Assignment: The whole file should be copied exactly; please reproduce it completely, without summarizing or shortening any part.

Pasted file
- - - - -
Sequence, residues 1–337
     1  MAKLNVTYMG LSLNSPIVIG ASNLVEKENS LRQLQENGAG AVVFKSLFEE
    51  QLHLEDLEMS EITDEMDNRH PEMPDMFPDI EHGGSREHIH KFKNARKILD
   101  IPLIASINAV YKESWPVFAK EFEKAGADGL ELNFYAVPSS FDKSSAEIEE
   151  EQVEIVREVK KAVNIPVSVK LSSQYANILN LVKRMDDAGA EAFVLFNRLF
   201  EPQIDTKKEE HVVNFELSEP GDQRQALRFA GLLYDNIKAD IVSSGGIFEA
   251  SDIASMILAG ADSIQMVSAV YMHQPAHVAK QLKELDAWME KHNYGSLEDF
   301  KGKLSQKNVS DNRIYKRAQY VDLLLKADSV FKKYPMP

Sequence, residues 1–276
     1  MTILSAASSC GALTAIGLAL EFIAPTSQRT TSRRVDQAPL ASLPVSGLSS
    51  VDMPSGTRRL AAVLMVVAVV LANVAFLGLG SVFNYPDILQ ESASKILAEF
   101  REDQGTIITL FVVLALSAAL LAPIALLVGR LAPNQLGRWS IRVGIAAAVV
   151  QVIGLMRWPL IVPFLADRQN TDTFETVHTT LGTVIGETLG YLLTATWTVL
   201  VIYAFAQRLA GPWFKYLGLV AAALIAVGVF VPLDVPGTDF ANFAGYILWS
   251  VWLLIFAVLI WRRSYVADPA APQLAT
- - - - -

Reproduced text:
Sequence, residues 1–337
     1  MAKLNVTYMG LSLNSPIVIG ASNLVEKENS LRQLQENGAG AVVFKSLFEE
    51  QLHLEDLEMS EITDEMDNRH PEMPDMFPDI EHGGSREHIH KFKNARKILD
   101  IPLIASINAV YKESWPVFAK EFEKAGADGL ELNFYAVPSS FDKSSAEIEE
   151  EQVEIVREVK KAVNIPVSVK LSSQYANILN LVKRMDDAGA EAFVLFNRLF
   201  EPQIDTKKEE HVVNFELSEP GDQRQALRFA GLLYDNIKAD IVSSGGIFEA
   251  SDIASMILAG ADSIQMVSAV YMHQPAHVAK QLKELDAWME KHNYGSLEDF
   301  KGKLSQKNVS DNRIYKRAQY VDLLLKADSV FKKYPMP

Sequence, residues 1–276
     1  MTILSAASSC GALTAIGLAL EFIAPTSQRT TSRRVDQAPL ASLPVSGLSS
    51  VDMPSGTRRL AAVLMVVAVV LANVAFLGLG SVFNYPDILQ ESASKILAEF
   101  REDQGTIITL FVVLALSAAL LAPIALLVGR LAPNQLGRWS IRVGIAAAVV
   151  QVIGLMRWPL IVPFLADRQN TDTFETVHTT LGTVIGETLG YLLTATWTVL
   201  VIYAFAQRLA GPWFKYLGLV AAALIAVGVF VPLDVPGTDF ANFAGYILWS
   251  VWLLIFAVLI WRRSYVADPA APQLAT